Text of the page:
• Court is able to determine at the beginning whether it has jurisdiction, based on the claims the plaintiff has asserted, without waiting for the defendant’s answer.

Implied Complaint-

  • Federal right created by statute, yet no express authorization to sue for damages as a result of violation of that right

Merrell Dow– (drug misbranded in violation of the Federal Drug and Cosmetic Act)

    • implied right of action- given from federal government
    • Right to relief depended necessarily on a substantial question of federal law
    • In this case, federal claim, one of many
    • Court came up with four questions to find implied right
      • Whether or not plaintiffs are a part of the class for whose benefit the statute was passed
      • Legislative intent or congressional purpose to provide a private right of action
      • Federal cause of action would not further the underlying purposes of the legislative scheme
      • Respondent’s cause of action traditionally left to  state law

Holding: Congress did not intend a private right of action for violation of the statute it enacted

Suit must arise under the law that creates the cause of action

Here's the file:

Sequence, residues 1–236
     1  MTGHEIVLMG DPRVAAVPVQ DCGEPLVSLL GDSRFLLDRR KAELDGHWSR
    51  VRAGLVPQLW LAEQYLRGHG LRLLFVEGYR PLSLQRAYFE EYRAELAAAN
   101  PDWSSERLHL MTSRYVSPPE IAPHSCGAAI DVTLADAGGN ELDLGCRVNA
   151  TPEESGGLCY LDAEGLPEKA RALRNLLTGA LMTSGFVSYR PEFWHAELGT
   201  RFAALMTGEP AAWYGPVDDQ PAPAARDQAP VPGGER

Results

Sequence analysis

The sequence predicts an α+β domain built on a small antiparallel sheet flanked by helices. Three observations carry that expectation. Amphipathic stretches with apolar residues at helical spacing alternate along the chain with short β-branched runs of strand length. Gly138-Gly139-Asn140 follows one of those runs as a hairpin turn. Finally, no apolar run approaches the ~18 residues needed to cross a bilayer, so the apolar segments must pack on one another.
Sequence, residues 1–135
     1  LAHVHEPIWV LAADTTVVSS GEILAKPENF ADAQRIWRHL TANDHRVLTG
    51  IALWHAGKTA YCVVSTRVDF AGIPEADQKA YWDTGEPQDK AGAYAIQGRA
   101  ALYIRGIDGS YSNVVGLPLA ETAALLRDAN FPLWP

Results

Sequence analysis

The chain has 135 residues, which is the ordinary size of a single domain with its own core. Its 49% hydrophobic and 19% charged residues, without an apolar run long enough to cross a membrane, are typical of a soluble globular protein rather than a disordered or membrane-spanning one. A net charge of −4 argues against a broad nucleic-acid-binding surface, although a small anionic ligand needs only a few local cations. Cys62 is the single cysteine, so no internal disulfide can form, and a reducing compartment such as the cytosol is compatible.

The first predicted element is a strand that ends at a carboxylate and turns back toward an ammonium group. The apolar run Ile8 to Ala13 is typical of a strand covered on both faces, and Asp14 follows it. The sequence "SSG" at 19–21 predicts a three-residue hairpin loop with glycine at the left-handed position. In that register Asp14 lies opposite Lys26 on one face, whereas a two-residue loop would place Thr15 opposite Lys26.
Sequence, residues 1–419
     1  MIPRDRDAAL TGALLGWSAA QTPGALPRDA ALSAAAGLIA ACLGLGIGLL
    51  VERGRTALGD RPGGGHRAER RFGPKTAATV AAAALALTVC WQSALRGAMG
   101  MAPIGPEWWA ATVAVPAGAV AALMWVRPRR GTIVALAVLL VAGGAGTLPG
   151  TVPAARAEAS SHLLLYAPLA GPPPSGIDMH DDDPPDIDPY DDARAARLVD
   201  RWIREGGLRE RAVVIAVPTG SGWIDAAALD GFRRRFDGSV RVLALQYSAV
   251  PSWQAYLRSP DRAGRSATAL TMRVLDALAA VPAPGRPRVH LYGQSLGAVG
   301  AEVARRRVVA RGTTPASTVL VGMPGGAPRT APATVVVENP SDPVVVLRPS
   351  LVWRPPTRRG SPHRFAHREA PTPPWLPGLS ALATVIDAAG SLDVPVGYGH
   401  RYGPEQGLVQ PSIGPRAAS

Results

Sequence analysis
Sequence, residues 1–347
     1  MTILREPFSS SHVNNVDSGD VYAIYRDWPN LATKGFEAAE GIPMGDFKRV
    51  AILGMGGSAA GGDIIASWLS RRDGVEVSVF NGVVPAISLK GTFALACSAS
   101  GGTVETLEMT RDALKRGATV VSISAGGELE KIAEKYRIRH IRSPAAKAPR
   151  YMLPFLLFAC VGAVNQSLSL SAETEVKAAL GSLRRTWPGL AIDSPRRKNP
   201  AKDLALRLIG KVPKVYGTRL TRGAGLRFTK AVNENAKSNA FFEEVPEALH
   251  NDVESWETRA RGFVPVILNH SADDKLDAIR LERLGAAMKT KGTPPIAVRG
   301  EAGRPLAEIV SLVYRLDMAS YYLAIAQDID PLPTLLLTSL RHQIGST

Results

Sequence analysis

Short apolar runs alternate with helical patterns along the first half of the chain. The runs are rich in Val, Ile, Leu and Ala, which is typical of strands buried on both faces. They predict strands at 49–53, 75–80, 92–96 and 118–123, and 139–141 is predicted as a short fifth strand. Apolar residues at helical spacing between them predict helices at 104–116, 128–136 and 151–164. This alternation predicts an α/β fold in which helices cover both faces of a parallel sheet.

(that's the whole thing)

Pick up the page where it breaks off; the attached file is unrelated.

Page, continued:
• In a state based cause of action, that turns on the construction of federal law- also considered within federal question boundaries

Diversity Jurisdiction

  • Since Erie, federal court sitting in a diversity case must apply the same law that the states in which it sits would have been applied
  • Goal is to claim federal jurisdiction  within the constitution bounds of Article III (jurisdiction over all diversity cases, regardless of the sum and statute 28 USC 1332 (requires 75,000.00 minimum)
  • Strawbridge v. Curtiss– to be within statutory grant must have complete diversity, (art. III allows div. as long as some parties are diverse)
    • Strawbridge interprets statutory rather than constitutional law
  • Domicile- residence with intent to reside indefinitely (Khashoggi – National Dev Co. p 166)
  • 1332 (c) Corporation diversity- citizen of any state where it is incorporated and principle place of business
    • JA Olsoncorporation can only have one place of principle business